|Publication number||US8054577 B2|
|Application number||US 12/060,462|
|Publication date||Nov 8, 2011|
|Filing date||Apr 1, 2008|
|Priority date||Apr 7, 2006|
|Also published as||CN100458921C, CN101051471A, US7460332, US20070236827, US20080180841|
|Publication number||060462, 12060462, US 8054577 B2, US 8054577B2, US-B2-8054577, US8054577 B2, US8054577B2|
|Inventors||James Howard Eaton|
|Original Assignee||International Business Machines Corporation|
|Export Citation||BiBTeX, EndNote, RefMan|
|Patent Citations (22), Non-Patent Citations (1), Referenced by (4), Classifications (8), Legal Events (1)|
|External Links: USPTO, USPTO Assignment, Espacenet|
The present invention relates in general to data storage systems and in particular to linear tape drive systems. More specifically, the present invention provides a new design for substantially improving track density in linear tape drive systems.
Magnetic media represent a common form of digital data storage for computer systems. Among the magnetic storage systems, linear tape drive systems are in use in many enterprise applications for data management. Magnetic media are also currently used in hard disk drive systems. Hard drive systems typically have a larger storage capability than linear tape drive systems owing to their higher areal density, linear density, and track density. Areal density is a physical measure of storage systems that relates the number of data bits per unit surface area of magnetic storage media. Similarly, linear density is a measure of the number of data bits per unit length of data tracks, and track density is the number of data tracks that can be packed into a given form of magnetic media. In general, a larger density value corresponds to a higher storage capacity for a magnetic storage system.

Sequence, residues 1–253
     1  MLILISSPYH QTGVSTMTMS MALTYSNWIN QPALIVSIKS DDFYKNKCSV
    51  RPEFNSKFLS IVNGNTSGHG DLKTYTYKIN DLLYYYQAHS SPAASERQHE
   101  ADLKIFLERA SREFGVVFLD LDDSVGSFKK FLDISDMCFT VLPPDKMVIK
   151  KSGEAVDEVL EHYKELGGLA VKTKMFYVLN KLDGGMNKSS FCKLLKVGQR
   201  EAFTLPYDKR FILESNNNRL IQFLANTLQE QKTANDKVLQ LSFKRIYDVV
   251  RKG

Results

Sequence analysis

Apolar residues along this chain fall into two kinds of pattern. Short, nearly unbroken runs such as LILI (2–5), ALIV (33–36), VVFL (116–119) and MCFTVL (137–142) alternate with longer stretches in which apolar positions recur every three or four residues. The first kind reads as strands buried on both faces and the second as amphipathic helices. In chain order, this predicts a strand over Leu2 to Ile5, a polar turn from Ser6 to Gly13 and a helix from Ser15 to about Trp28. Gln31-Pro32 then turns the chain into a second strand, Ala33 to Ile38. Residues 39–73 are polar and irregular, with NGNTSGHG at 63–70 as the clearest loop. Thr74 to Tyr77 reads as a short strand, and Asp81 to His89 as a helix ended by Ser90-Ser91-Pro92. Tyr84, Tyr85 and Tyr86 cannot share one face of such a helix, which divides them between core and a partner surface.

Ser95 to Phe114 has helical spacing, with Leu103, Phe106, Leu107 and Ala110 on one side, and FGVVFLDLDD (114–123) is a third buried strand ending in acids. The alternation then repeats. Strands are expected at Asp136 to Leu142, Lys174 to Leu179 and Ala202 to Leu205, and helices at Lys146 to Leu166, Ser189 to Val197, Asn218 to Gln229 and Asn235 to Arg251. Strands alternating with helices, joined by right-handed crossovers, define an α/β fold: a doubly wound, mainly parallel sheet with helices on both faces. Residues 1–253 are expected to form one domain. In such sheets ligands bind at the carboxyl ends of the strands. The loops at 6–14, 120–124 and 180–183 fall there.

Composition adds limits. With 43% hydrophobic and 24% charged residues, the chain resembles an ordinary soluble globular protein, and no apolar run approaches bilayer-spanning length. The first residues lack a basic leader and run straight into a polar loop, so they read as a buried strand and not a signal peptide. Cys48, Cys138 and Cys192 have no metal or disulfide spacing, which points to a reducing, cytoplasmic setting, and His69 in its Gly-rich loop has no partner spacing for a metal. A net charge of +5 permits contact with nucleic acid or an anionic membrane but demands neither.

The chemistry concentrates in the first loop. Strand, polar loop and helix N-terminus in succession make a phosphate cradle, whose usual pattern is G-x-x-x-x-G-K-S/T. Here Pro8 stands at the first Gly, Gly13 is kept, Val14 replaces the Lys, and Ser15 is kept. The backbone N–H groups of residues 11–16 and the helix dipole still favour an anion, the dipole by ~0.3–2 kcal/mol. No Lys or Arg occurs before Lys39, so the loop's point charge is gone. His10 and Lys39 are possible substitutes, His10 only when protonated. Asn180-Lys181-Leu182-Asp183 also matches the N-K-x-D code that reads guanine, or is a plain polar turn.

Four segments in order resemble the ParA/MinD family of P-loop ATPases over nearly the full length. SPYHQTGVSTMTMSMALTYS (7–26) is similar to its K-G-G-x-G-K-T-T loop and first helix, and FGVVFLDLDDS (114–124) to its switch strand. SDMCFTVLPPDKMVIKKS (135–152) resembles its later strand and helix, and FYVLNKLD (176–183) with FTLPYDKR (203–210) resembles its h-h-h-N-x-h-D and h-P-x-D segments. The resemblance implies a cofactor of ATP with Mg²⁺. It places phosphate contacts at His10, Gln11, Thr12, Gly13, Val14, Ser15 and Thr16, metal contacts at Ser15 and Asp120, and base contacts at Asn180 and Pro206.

In one conventional tape design, the roller guide assembly employs a smooth surface with which the magnetic tape is in contact during a read write operation. The smooth roller surface does not allow for a sufficient frictional contact force to be developed thereon. The insufficient frictional contact force causes the magnetic tape to develop a significant lateral motion during a read write operation.
Yet another problem with the conventional design of linear tape drive systems is the large spacing between the rollers, which causes the magnetic tape to be unsupported over a large span. The unconstrained magnetic tape between the rollers tends to develop lateral motion that generates a high frequency lateral disturbance, as the magnetic tape leaves the rollers and the supply reels, that can propagate to the recording head.